-by Grant Crawford. Notes from NCF Church’s weekly staff meeting compiled by S. Mahabeer
How a local church and an apostolic team work together
The following article describes how having an apostolic team minister to a church is different from having a guest speaker.
We can find three structures of church in the Bible:
- The universal church, meaning Christians all around the world.
- The local church, referring to the church we are a part of locally.
- The trans-local church, a collection of [apostolic] Christians that trans- locally work between churches, ministering to them through their various apostolic gifts.
Mission trips are another form of being trans-local. We may not be going as apostles or prophets, but facilitating relationship and connectedness is equally important.
What are apostolic teams?
The apostle Paul himself was trans-local and traveled with different groups of people. Together, they visited other churches, encouraging and ministering to their fellow Christians through their apostolic gifts.
The local churches in the Bible related to apostolic teams. Antioch was born in a raw and rough state and when the church in Jerusalem heard about the situation, they sent Barnabas to help them. The apostolic team Barnabas brought along, which the apostle Paul was a part of, came alongside the local church and built into its’ very foundations and taught and prophesied. Once Paul and Barnabas were finished there, they moved on to plant another church.
What you see here is not local churches just working in isolation but working together with apostolic teams.
When we talk about apostolic teams, we are referring to people who are gifted as pastors, prophets, apostles, evangelists, teachers and preachers.
A few concepts we have learned over 40 years when it comes to relating with apostolic teams.
As a local church, we are governed by a local eldership team. They, not the apostolic team, govern us in what we preach and teach, our finances and the direction our local church is heading into. However, in this, we are not isolated or independent, we have connected ourselves to an apostolic team.
Here are some indicators as to how these relationships work:
1. We trust our apostolic teams
The apostolic team doesn’t just show up unannounced, but come in response to an invitation we extend to them. This invitation goes out because we trust them and the apostolic gifts they manifest.
Trust is built through relationship, which means the people we invite into our church family aren’t strangers to us. Every person we invite into our house is someone we know, relate to and trust.
Sometimes we get people in to speak, and, although they may not have anything profound to say, it is who they are that is a far greater gift to us than anything they could have said.
People impart just as much as who they are, as they impart what they say.
2. Apostolic gifts make no one a “superstar”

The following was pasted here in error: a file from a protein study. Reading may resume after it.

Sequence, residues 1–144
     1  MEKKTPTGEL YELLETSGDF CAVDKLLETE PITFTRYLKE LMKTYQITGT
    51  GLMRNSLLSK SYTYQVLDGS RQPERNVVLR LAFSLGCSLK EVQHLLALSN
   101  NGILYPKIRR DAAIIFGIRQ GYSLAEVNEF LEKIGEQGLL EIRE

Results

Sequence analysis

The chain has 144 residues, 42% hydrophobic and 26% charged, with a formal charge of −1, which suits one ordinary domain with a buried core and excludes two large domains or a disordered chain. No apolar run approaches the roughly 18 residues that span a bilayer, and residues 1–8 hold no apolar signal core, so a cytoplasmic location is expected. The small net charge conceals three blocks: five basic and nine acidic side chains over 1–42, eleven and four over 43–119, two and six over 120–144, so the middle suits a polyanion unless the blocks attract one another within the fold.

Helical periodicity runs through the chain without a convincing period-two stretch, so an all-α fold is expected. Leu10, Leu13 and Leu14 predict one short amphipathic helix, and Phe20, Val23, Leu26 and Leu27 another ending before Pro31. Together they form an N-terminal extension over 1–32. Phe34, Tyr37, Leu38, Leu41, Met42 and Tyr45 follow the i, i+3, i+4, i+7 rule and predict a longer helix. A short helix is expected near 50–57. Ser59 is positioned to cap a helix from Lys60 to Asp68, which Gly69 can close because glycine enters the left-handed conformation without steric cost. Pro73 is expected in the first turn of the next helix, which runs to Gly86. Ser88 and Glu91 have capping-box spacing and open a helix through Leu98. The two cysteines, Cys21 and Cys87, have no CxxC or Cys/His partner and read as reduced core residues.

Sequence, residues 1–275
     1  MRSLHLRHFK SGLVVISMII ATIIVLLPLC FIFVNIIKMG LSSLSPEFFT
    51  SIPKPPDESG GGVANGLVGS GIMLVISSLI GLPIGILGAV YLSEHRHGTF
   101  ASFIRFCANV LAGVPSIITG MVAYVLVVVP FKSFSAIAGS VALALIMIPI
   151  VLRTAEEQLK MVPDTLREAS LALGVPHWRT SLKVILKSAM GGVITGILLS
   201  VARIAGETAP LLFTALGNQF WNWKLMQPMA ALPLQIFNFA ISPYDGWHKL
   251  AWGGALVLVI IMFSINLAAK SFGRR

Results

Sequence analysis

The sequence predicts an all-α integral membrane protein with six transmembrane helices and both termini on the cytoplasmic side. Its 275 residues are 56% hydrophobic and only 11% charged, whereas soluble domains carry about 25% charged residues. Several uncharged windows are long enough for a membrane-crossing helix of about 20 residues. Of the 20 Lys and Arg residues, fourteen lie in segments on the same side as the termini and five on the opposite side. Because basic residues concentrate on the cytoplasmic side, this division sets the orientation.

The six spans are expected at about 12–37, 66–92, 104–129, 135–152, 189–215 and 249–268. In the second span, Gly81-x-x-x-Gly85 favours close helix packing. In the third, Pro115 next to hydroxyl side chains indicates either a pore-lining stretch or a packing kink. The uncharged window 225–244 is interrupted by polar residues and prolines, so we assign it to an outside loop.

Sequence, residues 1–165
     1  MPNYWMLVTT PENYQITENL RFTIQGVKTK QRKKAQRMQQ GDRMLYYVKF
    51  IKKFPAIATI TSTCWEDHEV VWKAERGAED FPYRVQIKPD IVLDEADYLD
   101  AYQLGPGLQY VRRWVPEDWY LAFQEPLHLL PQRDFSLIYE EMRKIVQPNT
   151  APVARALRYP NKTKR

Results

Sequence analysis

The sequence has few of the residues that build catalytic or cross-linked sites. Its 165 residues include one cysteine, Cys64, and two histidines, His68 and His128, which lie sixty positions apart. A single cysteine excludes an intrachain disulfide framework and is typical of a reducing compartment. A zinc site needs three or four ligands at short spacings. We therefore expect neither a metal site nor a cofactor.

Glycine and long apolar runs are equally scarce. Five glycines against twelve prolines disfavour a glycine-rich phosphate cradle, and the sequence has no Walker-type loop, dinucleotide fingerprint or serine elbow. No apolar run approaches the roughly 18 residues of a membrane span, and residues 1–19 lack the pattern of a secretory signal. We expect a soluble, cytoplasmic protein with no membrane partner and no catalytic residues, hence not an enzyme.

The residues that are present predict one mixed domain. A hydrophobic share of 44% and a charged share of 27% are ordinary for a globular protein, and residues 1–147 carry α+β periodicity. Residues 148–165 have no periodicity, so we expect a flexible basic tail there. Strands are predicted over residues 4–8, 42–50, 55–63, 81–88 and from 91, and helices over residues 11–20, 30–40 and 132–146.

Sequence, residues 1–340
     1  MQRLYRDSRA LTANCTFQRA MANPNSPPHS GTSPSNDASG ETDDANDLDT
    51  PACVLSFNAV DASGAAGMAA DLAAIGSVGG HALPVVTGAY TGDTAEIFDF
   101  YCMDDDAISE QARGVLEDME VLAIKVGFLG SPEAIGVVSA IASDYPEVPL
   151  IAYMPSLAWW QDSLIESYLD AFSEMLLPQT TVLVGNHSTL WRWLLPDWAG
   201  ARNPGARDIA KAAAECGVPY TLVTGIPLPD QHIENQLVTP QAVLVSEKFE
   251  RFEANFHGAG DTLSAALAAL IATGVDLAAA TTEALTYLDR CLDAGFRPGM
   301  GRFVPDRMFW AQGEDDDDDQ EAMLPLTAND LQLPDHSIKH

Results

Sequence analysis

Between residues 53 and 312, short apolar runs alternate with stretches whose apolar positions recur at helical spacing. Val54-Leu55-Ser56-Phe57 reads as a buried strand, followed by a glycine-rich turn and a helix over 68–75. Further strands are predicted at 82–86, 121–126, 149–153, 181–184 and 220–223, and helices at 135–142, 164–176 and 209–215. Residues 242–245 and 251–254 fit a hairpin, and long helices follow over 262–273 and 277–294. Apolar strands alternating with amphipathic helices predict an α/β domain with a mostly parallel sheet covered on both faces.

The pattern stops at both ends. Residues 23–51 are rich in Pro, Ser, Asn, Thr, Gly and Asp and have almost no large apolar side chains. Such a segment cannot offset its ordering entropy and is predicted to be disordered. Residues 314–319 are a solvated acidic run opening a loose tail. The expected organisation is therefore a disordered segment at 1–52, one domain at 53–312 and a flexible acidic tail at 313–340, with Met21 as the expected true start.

We understand the gifting has been placed on people, but that these gifts neither become their “titles” nor do they get elevated to the status of “superstars”.
3. Different relationships in an apostolic team
Sometimes we relate to some people on the team as friends. They may not ever preach at our church or partner with us in anything, but act exclusively as our friends. It is a good thing to have good and wholesome friendships, because when facing a crisis, it is our friends we turn to for advice and support.
There are a select few men on our apostolic team that we give the liberty to speak into the direction of our local church. If we have a grave decision to make, we turn to these men who act as our governmental “bouncing ball”. We don’t partner with them for their preaching but for their leadership.
- Psalmists, Prophets, Evangelists…
There are others, who minister through the apostolic gifts of songwriting, prophesying or evangelizing, for example.
4. Apostolic teams come for a period of time
When an apostolic team comes, we receive them and the gifts they bring, we build into our relationships, and after they have spent some time with us and ministered to us, they leave again to go invest into another church.
5. Apostolic teams and the local church journey together
We train together, we go on mission together, plant churches together, we resource together and we go on apostolic journeys together.
6. Apostolic teams and the local church have different levels of relationship
We partner together on friendship level, a governmental one, on a ministry gift level and on a partnership level.
Because we as a local church have submitted ourselves to our apostolic team and work together with them, we have seen amazing doors of opportunity open up for us.
In conclusion, it is important for us as a local church to not isolate ourselves and live independently from our extended church family, but to connect ourselves trans-locally with other churches which largely is facilitated by apostolic teams.
feature image acknowledgment: pixshark.com